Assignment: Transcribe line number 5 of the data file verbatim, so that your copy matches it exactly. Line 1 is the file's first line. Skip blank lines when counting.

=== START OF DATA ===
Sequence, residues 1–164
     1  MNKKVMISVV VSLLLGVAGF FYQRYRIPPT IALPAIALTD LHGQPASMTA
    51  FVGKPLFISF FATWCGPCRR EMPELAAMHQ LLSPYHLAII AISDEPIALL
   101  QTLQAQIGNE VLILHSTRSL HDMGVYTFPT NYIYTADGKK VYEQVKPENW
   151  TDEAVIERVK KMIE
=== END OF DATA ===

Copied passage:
   151  TDEAVIERVK KMIE